In South Asian countries like India and Pakistan, the judgments from apex courts declare self-determination of gender identity by trans people as fundamental to gender recognition. However, the right to self-determination of gender is not yet realised for transgender persons admitted to prisons. Sai Bourothu writes
Transgender communities in South Asia have a rich history, through various socio-religious and cultural trans identities. The Hijra and Khwaja Sira communities have common cultural roots across India, Pakistan, Nepal, and Bangladesh. They have faced historical criminalisation in the region.
Anglo-Saxon colonial legal legacy and the implementation of religious laws, which view trans persons as heretics and blasphemous, have erased these persons from policy and law as complete citizens.
Laws to protect trans people
Yet, in recent years, countries in South Asia have promulgated law and policy to recognise and protect the rights of trans persons. This sudden interest and action towards recognition, inclusion, and protection of trans persons raises unprecedented legal questions. For decades, the interaction of transgender communities with the criminal justice system has been through the lens of criminality and punitive action.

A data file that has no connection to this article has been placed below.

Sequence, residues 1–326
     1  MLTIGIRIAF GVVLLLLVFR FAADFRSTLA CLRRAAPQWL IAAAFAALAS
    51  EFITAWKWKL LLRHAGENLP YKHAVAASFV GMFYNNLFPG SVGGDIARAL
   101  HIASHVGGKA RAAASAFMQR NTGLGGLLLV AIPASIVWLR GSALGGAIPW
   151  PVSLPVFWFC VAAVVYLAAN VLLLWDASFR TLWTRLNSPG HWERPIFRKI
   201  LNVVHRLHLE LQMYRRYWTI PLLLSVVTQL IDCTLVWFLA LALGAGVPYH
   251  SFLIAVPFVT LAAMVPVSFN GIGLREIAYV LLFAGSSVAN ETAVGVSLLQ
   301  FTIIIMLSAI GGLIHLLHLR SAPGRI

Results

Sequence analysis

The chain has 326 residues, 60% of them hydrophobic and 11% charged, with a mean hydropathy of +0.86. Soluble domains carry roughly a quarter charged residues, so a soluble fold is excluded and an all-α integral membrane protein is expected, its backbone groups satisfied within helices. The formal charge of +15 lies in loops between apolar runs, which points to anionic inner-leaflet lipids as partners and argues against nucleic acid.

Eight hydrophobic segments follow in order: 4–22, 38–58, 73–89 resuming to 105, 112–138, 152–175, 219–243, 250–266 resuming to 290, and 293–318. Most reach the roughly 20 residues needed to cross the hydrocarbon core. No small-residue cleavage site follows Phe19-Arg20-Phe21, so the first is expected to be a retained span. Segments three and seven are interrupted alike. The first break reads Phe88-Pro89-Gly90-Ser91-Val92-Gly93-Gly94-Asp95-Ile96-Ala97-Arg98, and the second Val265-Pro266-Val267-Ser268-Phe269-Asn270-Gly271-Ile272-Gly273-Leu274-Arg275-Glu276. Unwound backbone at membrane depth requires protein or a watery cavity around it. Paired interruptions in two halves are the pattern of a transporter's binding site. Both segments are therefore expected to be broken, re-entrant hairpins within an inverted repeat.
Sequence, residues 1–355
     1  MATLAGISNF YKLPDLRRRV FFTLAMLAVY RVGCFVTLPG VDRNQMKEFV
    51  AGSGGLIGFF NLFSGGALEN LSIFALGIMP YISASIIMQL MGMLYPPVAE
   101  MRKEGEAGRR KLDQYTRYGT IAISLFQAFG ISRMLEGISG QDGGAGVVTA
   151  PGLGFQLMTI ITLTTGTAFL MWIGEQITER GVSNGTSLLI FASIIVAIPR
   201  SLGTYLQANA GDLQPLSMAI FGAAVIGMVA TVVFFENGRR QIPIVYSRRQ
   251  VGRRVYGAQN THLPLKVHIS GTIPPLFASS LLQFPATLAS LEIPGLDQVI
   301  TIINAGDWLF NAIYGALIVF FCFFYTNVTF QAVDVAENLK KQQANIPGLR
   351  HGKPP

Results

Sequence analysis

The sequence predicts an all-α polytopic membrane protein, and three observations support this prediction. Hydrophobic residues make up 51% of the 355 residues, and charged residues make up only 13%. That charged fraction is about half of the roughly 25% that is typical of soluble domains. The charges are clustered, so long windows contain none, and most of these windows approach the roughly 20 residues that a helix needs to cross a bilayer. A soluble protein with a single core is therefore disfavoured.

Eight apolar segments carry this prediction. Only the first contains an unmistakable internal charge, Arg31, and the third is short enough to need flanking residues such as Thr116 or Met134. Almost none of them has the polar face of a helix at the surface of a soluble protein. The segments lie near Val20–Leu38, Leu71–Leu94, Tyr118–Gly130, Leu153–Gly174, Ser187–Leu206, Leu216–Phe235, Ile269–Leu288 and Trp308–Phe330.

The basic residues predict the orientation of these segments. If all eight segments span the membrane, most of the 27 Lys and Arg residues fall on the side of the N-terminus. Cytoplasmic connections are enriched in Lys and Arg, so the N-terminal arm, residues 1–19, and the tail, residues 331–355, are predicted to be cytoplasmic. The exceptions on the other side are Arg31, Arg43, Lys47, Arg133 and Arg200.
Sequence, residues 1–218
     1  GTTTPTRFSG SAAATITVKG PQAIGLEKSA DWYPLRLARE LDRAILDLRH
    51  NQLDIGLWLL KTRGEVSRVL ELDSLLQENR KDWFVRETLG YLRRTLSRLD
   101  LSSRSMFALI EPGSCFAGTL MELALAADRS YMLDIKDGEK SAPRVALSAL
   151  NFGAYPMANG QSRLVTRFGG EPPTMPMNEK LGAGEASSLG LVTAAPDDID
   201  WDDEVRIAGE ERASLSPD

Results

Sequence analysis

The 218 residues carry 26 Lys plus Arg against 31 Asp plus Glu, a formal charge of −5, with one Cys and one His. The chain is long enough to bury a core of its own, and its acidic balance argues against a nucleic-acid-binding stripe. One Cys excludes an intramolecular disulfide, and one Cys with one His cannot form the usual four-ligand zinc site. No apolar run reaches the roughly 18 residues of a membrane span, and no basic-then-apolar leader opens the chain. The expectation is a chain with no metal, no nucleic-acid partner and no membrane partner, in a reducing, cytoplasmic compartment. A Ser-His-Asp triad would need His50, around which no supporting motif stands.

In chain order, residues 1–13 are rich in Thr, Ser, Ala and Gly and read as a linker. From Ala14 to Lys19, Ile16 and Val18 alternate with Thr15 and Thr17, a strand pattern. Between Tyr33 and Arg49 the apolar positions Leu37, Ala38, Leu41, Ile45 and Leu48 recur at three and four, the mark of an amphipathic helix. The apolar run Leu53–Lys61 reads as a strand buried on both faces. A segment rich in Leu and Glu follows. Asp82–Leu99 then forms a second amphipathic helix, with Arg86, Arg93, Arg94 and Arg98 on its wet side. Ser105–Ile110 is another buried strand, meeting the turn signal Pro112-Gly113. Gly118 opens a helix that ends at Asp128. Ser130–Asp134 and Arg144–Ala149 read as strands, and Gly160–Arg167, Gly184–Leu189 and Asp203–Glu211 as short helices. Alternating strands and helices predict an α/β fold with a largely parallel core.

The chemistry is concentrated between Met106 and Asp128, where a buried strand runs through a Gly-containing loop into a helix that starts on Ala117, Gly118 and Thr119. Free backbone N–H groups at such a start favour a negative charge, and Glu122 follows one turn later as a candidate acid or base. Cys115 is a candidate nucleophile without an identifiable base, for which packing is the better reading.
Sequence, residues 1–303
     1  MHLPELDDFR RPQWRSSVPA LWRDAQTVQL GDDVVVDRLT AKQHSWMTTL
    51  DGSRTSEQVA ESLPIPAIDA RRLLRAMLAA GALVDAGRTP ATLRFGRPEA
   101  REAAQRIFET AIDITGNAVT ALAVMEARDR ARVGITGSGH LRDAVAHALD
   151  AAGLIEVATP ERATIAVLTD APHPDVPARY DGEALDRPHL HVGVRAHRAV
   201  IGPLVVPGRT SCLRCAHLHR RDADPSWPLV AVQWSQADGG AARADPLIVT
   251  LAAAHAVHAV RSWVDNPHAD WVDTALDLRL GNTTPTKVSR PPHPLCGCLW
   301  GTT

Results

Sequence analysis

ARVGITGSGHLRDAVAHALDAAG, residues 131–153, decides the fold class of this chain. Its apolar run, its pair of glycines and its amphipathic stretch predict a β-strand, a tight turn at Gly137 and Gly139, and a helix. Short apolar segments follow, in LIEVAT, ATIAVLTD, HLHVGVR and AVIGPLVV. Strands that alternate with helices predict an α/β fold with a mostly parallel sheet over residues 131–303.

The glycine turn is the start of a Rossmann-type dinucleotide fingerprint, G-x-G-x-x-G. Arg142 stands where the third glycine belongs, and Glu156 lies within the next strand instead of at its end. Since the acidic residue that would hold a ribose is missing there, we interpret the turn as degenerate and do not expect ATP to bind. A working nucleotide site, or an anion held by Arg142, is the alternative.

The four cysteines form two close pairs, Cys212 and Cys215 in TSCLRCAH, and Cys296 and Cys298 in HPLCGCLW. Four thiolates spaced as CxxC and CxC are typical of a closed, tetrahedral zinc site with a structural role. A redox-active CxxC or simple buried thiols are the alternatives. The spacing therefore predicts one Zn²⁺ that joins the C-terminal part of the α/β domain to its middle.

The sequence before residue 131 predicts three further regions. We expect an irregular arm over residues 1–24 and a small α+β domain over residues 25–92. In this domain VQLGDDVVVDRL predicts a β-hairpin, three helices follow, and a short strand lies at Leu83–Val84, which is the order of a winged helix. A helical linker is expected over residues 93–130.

Apart from general vulnerability in the criminal justice system, they face specific challenges in prisons. These vulnerabilities are accentuated by the fact that prisons have largely been conceived as male spaces, with a lack of infrastructural and policy initiatives to address gender-specific needs.
Indeed, as Justice Madan B. Lokur, former Judge, Supreme Court of India says, “Transgender persons in prisons are treated as outcastes, with basic facilities being unavailable to them.” Justice Lokur was making his comments at the launch of a recent report, which highlighted the lack of uniformity in recording data of transgender persons in Indian prisons. Separate data on transgender persons in prisons is also maintained between April 2018 and March 2019 in only nine states out of 28.
Simultaneously no substantive training/ awareness programmes on the rights of transgender persons were conducted despite the directive on the same from the Supreme Court of India in the landmark National Legal Services Authority (NALSA) v Union of India judgment. The apex court in this judgment had declared the transgender people as ‘third gender.’ The report has been a conversation starter on the issue of transgender persons in Indian prisons, and calls to question similar vulnerabilities of transgender persons in the region and globally.
Apart from applicability of general standards for the treatment of prisoners, there are certain gendered policies which have to be restructured, in a rights-based perspective, to incorporate the experiences of trans persons.